We are spoiled for choice when it comes to interesting match-ups at UFC 271. The pay-per-view event, headlined by the current and former middleweight champions, has an undercard loaded with prospects and veterans.
Kicking off the main card we have a battle of strikers as young lightweight standout, Nasrat Haqparast, takes on formidable veteran scrapper, Bobby ‘King’ Green’. With more than double the professional fight experience, Green fights with an air of confidence, which manifests in a hands-down, trash-talking style that can make the fight and break the opponent.
Representing the famed Tristar Gym in Montreal, Haqparast is still developing as a young athlete. At 26 years old, he is nine years the junior of his opponent and very much at the beginning of his elite level career.
Green will be a stiff test for Haqparast, as he’s a natural power-puncher, and his confident gunslinger style might catch Haqparast on his way in to attack. Hands low does put a lot of reliance on reaction time and speed, which does fade as fighters get older, and Green is in his mid-thirties. His vast experience may be his main asset though, having seventeen bouts inside the UFC’s Octagon, which matches Haqparast’s total professional experience.
Green could play a patient game and draw Haqparast in. Fight out of a good defence and counter once he’s got a read on his timing and chosen attacks. Defend any takedown attempts, as I’m sure he will realise the threat of developing grappling skills on his opponent’s part, and look for the fight-changing punch.
For Haqparast this is a test of patience and technical discipline. If he gets overzealous he will rush onto a counter shot. Alternatively, he could keep swinging for Green and missing, due to Green’s good defensive head movement, and exhaust himself. Green won’t be easy to read, hit, or take down.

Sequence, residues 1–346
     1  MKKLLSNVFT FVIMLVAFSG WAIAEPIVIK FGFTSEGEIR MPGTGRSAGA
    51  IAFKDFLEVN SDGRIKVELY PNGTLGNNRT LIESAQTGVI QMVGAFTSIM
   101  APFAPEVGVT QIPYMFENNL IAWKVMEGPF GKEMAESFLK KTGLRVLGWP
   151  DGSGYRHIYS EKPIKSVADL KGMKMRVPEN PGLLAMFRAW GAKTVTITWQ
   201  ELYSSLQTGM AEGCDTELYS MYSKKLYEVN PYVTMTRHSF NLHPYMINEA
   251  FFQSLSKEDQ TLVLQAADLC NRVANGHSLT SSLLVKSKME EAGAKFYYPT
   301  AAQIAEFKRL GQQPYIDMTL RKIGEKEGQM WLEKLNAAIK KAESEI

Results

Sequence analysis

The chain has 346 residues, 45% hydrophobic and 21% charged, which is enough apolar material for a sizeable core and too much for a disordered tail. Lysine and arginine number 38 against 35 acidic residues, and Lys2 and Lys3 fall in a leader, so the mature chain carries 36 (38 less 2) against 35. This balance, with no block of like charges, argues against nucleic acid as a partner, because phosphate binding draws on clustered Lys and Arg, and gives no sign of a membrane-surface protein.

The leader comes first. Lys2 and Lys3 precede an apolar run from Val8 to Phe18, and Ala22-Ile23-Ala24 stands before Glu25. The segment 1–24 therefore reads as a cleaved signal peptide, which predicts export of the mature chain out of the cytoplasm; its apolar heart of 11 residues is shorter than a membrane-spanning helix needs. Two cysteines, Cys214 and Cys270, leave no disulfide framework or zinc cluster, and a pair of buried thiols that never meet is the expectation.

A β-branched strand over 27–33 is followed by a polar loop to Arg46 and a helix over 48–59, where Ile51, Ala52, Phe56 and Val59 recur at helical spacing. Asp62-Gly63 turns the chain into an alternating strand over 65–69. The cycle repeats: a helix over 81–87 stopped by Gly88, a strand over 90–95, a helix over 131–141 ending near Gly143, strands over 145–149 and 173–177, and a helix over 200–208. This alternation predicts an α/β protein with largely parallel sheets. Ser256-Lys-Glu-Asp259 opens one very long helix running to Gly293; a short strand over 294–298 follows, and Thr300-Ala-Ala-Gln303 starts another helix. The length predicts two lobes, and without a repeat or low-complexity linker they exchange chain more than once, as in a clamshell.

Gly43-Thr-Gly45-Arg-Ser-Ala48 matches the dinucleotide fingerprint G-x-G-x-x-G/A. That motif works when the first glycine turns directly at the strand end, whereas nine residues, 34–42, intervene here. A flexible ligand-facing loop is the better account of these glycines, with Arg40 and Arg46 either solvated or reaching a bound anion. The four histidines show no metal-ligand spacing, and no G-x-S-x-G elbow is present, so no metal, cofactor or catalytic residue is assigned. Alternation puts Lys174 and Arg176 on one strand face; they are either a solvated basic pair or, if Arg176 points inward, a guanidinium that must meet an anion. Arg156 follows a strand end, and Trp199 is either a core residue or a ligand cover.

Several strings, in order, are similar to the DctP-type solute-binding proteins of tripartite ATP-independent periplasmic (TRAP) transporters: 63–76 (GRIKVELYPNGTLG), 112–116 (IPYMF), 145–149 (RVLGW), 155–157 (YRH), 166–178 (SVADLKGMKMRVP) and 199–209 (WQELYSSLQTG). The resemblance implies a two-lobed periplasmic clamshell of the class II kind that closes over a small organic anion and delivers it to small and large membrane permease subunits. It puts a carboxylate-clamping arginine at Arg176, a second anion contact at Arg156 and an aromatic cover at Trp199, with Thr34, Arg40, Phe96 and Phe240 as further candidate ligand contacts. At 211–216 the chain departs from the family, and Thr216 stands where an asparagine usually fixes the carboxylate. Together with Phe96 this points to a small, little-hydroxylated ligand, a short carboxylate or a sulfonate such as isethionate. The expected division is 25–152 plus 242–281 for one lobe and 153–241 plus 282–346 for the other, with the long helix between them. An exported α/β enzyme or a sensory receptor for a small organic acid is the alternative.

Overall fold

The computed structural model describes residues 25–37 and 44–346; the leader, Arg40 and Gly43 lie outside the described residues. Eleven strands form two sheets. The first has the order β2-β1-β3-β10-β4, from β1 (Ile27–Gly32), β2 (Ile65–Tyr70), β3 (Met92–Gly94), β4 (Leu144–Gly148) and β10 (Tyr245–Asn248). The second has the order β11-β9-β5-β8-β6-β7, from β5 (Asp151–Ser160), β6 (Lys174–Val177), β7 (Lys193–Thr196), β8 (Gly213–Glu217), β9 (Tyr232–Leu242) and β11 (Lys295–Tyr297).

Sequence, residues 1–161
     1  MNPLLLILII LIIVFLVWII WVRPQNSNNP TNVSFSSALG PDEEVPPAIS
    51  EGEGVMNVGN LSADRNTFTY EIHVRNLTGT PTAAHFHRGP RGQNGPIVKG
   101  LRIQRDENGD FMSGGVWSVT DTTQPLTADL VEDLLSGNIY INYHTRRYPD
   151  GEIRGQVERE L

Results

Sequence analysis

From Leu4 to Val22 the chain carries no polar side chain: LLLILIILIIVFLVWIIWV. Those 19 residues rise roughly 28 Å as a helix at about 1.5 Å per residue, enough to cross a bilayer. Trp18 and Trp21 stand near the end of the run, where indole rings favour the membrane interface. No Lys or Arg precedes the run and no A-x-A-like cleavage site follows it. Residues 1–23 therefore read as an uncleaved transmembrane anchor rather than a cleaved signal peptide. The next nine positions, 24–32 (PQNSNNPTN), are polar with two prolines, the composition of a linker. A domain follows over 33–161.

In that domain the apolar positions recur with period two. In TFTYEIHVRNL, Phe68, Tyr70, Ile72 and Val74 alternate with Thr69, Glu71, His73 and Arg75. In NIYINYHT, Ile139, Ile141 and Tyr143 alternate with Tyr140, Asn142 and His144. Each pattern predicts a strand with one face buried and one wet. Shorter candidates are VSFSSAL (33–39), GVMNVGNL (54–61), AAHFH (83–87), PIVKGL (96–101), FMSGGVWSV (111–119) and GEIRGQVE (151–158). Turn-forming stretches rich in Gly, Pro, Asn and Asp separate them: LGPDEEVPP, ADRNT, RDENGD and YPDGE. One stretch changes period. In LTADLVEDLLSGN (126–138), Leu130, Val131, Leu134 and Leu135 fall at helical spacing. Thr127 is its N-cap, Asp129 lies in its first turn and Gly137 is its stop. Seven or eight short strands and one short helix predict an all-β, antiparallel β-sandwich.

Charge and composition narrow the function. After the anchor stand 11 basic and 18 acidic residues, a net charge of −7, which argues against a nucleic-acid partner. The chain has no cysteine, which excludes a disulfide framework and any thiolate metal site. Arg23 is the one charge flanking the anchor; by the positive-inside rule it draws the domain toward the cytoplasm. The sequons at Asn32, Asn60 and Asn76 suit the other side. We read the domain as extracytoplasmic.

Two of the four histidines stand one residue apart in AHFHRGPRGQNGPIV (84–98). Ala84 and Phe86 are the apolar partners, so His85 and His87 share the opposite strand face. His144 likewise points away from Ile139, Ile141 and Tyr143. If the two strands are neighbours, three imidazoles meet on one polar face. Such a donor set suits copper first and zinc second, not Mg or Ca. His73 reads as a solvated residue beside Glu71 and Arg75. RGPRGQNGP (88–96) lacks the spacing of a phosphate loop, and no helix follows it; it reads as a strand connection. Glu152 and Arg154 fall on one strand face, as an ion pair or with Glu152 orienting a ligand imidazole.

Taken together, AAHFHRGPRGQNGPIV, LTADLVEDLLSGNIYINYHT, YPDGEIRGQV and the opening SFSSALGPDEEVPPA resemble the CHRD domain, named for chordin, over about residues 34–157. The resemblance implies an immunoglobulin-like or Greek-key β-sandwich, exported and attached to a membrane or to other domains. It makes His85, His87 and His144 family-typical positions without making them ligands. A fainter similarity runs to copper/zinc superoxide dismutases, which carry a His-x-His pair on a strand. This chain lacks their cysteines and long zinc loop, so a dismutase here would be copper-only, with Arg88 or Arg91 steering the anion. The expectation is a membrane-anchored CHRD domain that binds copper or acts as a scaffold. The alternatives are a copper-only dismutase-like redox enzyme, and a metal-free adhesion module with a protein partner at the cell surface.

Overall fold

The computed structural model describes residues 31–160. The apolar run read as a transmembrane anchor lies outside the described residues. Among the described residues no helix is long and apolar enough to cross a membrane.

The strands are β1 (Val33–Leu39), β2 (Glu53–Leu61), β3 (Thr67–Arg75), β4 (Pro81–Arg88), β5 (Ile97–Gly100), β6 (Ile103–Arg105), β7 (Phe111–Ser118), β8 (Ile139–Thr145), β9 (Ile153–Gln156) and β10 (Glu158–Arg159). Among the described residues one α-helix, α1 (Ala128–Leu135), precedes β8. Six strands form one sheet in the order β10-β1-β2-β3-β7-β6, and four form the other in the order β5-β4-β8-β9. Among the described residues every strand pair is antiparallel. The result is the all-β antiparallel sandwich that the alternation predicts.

If I had to pick one though, I feel like the younger man will prevail based on good fundamentals, and a strong team to prepare him. I pick Haqparast by unanimous decision.
Nasrat Haqparast by decision - 12/5
There is a lot of anticipation for this next one, as two explosive bantamweights collide, and attempt to add one another to their highlight reel.
Kyler Philips is nicknamed ‘The Matrix’ for a reason. His game is dynamic at every range. He is as well-rounded as he is unpredictable, and he trains at The MMA Lab, alongside greats like the Pettis brothers, and Benson Henderson.
He is still a raw talent but shows huge promise, and with eleven fights as a professional, we can see big developments from one fight to the next. He’s tasted defeat twice, and both times it was razor-thin on the scorecards. All good learning experiences for a young athlete like Philips, who is sure to wow us with some new facet to his game.
His adversary for this evening will be the battle hardened, 24-fight veteran, Marcelo Rojo. The Argentinian has yet to realise victory in the Octagon, with his debut ending unfavourably less than 30 seconds before the final bell.
He is a worthy test for Philips though, with plenty of first-round finishes coming by way of strikes or submissions. Rojo has a penchant for armbars, and can attack with them from a multitude of positions. He is also partial to the occasional big slam, so don’t be surprised if the floorboards of the Octagon are rattled a couple of times.
This should be a real tussle, and I think Rojo might be able to push Philips around a little. With that being said, I expect Philips to be able to do enough to win on the scorecards. I could see him hurting Rojo and perhaps wrapping him up in a couple of close submissions.
Kyler Phillips by decision - 12/5
To warm us up for the middleweight main event, third and fourth ranked Jared Cannonier and Derek Brunson will battle for their place in line for the title.
Brunson, a reckless power-puncher with a strong wrestling game to back it up, will likely want to start fast and test Cannonier early. He will be faced with strong takedown defence and a good ability to scramble back to his feet, and a single-punch power that can change any fight.